Alexandra Cuthbert, bus sales manager for Performance Friction, says that common issues seen in school buses include unequal, uneven wear on brake pads and rotors due to calipers hanging up or pin sliders seizing. Another key issue is pads crumbling, which can be brought on by road de-icing agents such as magnesium chloride and calcium chloride.
“If you choose a brake pad that isn’t compatible with proper protection from debris and salts used to de-ice roads in your area, you can lose braking performance,” Cuthbert says.
Performance Friction uses an anti-corrosive coating on its brake pad backing plates to prevent issues with road salts. Gesch says those salts “can really accelerate the process of pad corrosion and rust jacking. Other than more frequent inspection, there’s not a whole lot you can do once that process starts.”
Brakes being out of adjustment is another common problem. Troy Flodin, foundation drum brake engineering manager for Bendix Spicer Foundation Brake, notes that various items can cause out-of-adjustment brakes: slacks, broken brake components, actuator issues, drum/hub issues, etc.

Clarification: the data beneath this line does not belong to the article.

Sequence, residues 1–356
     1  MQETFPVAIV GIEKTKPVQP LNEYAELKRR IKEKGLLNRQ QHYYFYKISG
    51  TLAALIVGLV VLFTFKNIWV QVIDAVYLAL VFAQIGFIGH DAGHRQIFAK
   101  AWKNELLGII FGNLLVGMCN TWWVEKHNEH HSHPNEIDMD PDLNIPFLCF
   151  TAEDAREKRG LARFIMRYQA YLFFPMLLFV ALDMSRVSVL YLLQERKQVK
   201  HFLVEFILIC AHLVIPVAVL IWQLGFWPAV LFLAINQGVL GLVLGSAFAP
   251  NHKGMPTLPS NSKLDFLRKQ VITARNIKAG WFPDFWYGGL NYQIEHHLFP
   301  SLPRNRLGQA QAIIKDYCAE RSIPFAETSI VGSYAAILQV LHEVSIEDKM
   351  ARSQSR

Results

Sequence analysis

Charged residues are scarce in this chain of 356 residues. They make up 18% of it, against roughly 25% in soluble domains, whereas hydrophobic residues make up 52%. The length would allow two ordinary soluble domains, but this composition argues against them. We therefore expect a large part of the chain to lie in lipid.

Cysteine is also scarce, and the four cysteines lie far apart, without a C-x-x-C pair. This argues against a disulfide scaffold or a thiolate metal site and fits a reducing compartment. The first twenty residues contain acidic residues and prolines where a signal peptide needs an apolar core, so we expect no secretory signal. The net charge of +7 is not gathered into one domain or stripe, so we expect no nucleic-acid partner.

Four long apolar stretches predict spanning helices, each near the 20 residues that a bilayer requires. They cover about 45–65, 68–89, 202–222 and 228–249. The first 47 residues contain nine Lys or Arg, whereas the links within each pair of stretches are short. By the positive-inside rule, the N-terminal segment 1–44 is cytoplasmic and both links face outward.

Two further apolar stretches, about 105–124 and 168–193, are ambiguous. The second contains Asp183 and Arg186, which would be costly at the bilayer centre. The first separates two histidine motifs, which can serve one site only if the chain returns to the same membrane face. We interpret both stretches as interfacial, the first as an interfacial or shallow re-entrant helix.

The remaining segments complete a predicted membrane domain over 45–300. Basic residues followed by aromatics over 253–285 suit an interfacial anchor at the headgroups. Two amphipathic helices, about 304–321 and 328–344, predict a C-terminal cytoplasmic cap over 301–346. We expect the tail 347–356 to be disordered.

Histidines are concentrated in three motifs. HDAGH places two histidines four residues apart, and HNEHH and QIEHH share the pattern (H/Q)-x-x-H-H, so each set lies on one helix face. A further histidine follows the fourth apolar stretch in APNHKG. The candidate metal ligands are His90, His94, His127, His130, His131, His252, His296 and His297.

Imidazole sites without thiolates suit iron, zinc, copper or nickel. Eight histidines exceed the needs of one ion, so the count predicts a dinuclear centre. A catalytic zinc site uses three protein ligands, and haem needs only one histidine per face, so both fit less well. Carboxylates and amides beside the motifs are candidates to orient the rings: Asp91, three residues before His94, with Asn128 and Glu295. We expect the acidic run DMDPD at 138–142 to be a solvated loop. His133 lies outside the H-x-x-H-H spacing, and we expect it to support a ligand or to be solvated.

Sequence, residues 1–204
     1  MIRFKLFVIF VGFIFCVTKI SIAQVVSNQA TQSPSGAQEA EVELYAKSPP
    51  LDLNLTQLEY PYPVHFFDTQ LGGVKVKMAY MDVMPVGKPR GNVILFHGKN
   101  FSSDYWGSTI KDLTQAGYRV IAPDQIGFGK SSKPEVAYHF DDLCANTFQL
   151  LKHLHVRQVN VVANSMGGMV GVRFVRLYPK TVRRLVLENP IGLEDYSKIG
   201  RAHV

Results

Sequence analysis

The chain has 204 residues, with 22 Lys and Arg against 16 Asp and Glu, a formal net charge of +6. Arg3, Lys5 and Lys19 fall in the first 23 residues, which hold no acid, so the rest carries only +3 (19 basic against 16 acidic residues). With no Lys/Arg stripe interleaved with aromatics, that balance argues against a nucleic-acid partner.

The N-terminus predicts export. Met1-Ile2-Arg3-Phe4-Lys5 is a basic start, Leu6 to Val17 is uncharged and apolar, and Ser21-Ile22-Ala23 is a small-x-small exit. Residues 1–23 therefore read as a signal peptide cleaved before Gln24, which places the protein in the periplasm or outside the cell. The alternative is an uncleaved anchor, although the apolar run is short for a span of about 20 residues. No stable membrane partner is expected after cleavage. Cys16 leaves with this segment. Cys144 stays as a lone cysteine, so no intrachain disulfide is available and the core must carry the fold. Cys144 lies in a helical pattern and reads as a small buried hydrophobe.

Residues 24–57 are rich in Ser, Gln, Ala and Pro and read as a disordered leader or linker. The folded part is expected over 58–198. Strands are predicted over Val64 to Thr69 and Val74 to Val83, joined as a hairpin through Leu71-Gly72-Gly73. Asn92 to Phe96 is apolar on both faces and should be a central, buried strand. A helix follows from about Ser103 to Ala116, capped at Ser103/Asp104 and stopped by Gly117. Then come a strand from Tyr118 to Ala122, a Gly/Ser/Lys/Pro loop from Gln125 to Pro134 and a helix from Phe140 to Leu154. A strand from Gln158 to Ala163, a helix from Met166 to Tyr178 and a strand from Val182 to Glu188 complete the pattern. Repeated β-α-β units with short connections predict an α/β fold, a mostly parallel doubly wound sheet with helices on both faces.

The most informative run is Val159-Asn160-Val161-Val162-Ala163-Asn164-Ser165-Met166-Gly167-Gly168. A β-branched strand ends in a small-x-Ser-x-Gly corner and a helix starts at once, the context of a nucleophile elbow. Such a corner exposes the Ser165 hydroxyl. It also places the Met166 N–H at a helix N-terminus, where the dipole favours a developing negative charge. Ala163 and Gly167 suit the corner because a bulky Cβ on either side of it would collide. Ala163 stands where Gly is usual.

“Routine inspection of free stroke will help identify the issue,” Flodin says.
"The driver is the first line of defense in identifying braking issues since they are the closest to the vehicle on a daily basis."
Foundation Drum Brake Engineering Manager
Bendix Spicer Foundation Brake
When service work is required, stopping distance should be measured, the brake system should be balanced and all components should be replaced for maximum safety, according to Marciniak of Brake Parts Inc.
“After any service work, the vehicle needs be test-driven to ensure safe and smooth operation,” Marciniak adds.
For air brake maintenance, Marathon’s recommendations include: